Climate Change Education
Divestment wasn’t the only topic covered in Vision 2030, though. The document was full of plans to make the university a greener place. The plan also mentioned a desire to integrate climate change education into Brandeis’ core curriculum. This is a fantastic idea, but Vision 2030’s definition of climate change education is too narrow and needs some adjustment prior to implementation.
Vision 2030 advocates for the creation of a new general education requirement focused around climate change, which would be a wonderful addition to the Brandeis Core. Ensuring that Brandeis students graduate with knowledge on climate change is a great way to ensure that Brandeisians are more educated citizens of the world.
The plan mentions that “only a very small percentage of Brandeis students take a course about climate change during their four years of undergraduate study” as justification for the introduction of this new core requirement. While that’s likely true, Vision 2030 uses the AASHE STARS definition of sustainability course offerings to determine how many students have taken a course on climate change. But, sustainability is just a small part of climate change. This definition is not inclusive enough and should be changed to allow for more complete climate change education course offerings.
The AASHE STARS definition fails to consider climate change as a broader topic*. For example, one Environmental Studies course that I took in Spring 2022, ENVS 107b Atmospheric Civics and Diplomacy, was focused on environmental history and would likely not be counted as a climate change education course under this definition*. But, ENVS 107b should absolutely fall under the umbrella of climate change as a broader topic, as environmental history is an integral part of a complete climate change education.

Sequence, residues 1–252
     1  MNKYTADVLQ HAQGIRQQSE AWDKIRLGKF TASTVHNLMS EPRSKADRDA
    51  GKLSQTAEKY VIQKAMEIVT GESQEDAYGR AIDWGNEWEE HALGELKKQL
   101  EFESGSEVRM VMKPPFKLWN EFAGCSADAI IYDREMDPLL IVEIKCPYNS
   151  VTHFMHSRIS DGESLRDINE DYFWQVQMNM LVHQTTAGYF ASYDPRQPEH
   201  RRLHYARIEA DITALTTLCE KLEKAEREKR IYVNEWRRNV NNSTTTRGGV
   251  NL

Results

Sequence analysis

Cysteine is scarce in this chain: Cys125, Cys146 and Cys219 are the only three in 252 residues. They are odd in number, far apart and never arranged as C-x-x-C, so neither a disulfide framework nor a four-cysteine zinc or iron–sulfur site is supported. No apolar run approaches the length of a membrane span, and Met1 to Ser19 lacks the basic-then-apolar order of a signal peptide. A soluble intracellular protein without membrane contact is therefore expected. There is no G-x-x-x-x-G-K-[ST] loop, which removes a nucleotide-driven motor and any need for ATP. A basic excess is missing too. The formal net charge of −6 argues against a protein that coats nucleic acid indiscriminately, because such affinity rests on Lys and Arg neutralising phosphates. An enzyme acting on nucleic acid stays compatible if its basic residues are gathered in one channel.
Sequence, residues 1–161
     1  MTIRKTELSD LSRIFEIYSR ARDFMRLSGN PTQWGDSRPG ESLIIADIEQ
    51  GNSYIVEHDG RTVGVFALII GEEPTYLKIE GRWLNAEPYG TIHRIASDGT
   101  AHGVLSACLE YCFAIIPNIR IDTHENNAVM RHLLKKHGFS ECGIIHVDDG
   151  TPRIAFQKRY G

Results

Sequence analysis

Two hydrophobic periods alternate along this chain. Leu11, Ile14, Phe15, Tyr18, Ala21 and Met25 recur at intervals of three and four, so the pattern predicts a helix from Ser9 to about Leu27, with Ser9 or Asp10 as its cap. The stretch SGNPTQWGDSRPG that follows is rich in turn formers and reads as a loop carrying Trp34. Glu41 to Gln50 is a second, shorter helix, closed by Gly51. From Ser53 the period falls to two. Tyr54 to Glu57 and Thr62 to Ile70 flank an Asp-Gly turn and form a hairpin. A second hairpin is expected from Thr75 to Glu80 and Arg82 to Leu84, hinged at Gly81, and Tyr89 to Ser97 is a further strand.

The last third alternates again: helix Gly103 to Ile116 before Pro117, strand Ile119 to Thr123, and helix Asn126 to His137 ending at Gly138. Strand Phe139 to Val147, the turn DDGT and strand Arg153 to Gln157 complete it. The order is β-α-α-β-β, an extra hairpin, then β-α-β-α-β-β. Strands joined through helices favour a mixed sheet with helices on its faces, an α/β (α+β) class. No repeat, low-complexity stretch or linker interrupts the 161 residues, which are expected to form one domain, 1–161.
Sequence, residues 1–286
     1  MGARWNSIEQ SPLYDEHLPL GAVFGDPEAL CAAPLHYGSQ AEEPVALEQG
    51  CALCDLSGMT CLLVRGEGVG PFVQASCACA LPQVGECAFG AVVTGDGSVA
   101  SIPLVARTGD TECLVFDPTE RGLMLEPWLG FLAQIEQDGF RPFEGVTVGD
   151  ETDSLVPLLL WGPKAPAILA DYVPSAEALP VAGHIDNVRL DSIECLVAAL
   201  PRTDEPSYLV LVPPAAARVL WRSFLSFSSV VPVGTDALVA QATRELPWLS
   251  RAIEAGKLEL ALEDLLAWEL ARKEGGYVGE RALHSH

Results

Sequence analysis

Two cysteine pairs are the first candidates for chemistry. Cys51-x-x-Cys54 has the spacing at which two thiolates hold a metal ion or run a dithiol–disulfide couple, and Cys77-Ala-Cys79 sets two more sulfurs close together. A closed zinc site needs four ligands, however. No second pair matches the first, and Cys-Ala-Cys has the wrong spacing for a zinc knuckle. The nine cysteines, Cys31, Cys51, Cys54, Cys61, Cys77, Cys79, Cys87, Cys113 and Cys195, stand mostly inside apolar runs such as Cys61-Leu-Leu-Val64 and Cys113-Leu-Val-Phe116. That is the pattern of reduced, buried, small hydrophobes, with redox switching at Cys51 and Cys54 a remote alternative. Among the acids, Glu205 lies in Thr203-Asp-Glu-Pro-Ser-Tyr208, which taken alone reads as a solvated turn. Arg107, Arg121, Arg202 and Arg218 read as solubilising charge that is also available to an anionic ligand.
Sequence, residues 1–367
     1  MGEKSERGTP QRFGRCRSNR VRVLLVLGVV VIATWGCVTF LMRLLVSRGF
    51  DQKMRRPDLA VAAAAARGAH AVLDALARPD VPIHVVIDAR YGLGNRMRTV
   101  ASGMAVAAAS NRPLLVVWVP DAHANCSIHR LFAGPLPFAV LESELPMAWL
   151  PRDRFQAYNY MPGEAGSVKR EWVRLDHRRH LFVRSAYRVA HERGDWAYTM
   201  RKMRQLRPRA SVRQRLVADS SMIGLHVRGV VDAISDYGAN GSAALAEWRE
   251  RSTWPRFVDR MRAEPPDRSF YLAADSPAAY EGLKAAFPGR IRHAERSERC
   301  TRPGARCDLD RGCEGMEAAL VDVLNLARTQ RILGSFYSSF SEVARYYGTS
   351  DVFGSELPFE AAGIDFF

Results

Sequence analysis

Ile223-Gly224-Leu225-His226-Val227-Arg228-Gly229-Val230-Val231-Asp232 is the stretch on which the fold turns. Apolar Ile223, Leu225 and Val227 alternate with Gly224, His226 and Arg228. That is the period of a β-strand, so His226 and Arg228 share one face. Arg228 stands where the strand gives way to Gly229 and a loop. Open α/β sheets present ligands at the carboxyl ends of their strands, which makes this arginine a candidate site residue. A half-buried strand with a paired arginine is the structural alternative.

While climate change education should become a part of the Brandeis Core, the required courses should not be based on the AASHE STARS definition. Students should be allowed to take a course on climate justice, climate change biology or any other climate-related topic they’d like instead of having blind perdition towards sustainability. The integration of a new climate-focused core requirement is a fantastic idea, but the finer details of what counts as climate change education should be adjusted.
The Vision 2030 plan contains a lot more, including sections on climate resiliency, physical infrastructure and public transportation subsidization. There’s too much to include in this article, but the plan is well-written overall and covers several topics that the university should prioritize. But, the lack of a commitment to divestment and neutrality is alarming and upsetting. I’m waiting anxiously for the results of the study that Fischer mentioned, and I hope that a binding commitment to a better Brandeis arrives soon.
* The AASHE STARS definition is sufficiently broad to cover a myriad of climate topics.
** ENVS 107b would fit the definition of a climate change education course.